We have been discussing how Hillary Clinton and other Democratic leaders have turned from private censorship to good old-fashioned state censorship. They have called upon their counterparts in England, France, and Germany to prevent the restoration of free speech protections with censorship laws — laws that would be unconstitutional in the United States. The British have already responded to such urgent calls and New Zealand Prime Minister Jacinda Ardern recently repeated this call for global censorship at the United Nations to the applause of diplomats and media alike. Now the German left has responded with the the ruling Social Democratic Party of Germany (SPD) calling for censorship before, to use Clinton’s words, “it is too late” and free speech is barred on Twitter.
According to a report by the business newspaper Handelsblatt, SPD members are concerned that Twitter will now allow too much free speech and curtail Twitter’s massive censorship system. Jens Zimmermann MP declared
“The Federal Office of Justice must therefore take Twitter under stricter supervision and act quickly and decisively in the event of violations.” The Germans are threatening not just the company but Musk himself if he does not censor viewpoints: If Twitter does not meet the requirements, there are penalties not only against the company, but also against the managers responsible.”
Clinton and other Democratic leaders are singing to the choir on censorship. Germany has long been one of the most hostile countries to free speech in the West.
Germany has proven the fallacy of changing minds through threatened prosecution. While I am certainly sympathetic to the Germans in seeking to end the scourge of fascism, I have long been a critic of the German laws prohibiting certain symbols and phrases. I view it as not just a violation of free speech but a futile effort to stamp out extremism by barring certain symbols. Instead, extremists have rallied around an underground culture and embraced symbols that closely resemble those banned by the government. I fail to see how arresting a man for a Hitler ringtone is achieving a meaningful level of deterrence, even if you ignore the free speech implications.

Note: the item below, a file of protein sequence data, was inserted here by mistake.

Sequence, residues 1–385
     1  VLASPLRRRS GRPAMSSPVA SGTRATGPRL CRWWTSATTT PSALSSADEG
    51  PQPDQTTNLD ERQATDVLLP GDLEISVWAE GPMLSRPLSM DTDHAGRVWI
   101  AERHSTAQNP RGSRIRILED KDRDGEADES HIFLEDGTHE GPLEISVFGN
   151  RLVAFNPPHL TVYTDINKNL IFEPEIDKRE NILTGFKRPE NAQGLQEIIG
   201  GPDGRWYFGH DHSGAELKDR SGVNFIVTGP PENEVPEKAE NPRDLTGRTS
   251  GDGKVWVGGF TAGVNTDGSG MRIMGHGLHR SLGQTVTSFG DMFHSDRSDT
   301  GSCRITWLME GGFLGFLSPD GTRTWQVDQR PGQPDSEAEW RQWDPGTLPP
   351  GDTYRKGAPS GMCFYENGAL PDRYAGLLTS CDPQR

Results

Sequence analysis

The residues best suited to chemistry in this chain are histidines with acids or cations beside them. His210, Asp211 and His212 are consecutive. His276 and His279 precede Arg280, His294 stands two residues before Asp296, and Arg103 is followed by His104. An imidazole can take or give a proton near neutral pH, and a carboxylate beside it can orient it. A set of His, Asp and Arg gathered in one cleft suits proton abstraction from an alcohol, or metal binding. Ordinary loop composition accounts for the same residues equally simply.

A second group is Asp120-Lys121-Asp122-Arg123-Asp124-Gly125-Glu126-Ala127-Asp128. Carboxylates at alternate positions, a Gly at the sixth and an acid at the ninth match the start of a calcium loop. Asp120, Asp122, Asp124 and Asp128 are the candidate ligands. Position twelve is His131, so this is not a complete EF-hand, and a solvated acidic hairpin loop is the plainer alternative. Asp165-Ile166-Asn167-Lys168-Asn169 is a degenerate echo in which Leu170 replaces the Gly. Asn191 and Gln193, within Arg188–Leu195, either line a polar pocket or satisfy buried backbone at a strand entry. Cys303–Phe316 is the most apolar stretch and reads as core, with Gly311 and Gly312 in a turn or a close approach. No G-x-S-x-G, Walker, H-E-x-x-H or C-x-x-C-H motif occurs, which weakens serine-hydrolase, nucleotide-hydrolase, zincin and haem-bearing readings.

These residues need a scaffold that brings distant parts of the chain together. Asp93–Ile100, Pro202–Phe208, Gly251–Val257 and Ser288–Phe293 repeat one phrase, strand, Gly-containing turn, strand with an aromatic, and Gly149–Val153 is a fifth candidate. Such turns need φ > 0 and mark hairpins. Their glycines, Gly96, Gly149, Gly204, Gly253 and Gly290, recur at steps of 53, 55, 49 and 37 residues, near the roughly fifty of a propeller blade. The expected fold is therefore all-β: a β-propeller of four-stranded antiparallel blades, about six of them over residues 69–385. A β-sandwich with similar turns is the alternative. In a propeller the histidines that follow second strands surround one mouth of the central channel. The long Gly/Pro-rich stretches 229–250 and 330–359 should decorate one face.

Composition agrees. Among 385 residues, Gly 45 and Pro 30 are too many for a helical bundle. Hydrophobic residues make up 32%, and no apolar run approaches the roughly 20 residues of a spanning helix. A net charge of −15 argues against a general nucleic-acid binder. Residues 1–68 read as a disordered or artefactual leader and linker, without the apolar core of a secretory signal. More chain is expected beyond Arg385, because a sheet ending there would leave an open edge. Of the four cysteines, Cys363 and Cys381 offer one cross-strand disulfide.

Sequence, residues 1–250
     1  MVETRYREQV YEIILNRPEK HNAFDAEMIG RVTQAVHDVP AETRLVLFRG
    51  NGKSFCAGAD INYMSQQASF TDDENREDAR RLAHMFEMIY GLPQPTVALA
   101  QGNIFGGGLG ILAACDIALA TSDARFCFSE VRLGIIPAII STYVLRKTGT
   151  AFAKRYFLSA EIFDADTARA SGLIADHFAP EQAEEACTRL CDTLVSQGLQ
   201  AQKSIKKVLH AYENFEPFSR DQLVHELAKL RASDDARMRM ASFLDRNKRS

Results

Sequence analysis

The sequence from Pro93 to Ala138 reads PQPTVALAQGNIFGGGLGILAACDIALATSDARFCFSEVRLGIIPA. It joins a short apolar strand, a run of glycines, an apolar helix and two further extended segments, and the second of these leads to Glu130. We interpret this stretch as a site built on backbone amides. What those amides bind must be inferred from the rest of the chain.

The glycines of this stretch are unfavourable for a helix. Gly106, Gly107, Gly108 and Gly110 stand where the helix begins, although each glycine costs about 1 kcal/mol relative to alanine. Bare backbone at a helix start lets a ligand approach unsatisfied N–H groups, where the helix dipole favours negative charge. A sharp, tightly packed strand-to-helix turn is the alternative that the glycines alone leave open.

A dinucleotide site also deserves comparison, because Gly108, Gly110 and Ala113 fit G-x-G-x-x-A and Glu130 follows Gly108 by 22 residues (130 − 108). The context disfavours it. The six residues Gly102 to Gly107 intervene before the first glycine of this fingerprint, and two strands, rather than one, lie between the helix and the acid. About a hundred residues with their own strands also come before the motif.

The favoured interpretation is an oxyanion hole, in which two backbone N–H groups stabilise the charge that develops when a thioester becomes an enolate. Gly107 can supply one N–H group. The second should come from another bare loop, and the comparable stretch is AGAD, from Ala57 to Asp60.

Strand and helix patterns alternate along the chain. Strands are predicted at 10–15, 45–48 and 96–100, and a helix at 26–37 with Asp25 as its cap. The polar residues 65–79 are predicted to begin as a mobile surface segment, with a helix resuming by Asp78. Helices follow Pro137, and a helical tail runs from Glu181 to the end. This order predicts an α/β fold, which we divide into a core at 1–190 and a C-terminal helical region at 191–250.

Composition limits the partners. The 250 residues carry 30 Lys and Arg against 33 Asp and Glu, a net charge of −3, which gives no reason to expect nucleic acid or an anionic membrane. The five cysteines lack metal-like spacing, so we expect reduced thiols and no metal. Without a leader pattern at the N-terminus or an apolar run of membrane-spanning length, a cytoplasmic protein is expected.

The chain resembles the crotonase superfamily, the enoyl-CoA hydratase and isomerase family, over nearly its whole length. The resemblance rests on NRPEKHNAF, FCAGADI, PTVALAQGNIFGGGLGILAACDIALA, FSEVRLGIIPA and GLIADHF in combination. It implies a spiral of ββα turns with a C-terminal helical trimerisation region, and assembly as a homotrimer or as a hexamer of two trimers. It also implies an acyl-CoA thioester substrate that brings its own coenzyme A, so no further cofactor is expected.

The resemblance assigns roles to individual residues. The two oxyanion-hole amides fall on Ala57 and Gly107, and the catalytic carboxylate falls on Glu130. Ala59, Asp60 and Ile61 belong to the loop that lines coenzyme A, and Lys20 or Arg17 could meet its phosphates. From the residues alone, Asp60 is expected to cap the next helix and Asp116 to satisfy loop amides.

We discussed how Germany is extending its criminalization of speech to the Internet. Germany imposed a legal regime that would allow fining social networks such as Facebook up to 500,000 euros ($522,000) for each day the platform leaves a “fake news” story up without deleting it. YouTube was fined by the country in an effort to force the company to remove views that the government considers disinformation on Covid.
None of this, mind you, has put a dent in the ranks of actual fascists and haters. Neo-Nazis are holding huge rallies by adopting new symbols and coded words while Germany arrested a man on a train because he had a Hitler ring tone on his phone.
The impact of these laws was evident in a recent poll of German citizens. Only 18% of Germans feel free to express their opinions in public. 59% of Germans did not even feel free expressing themselves in private among friends. And just 17% felt free to express themselves on the Internet.
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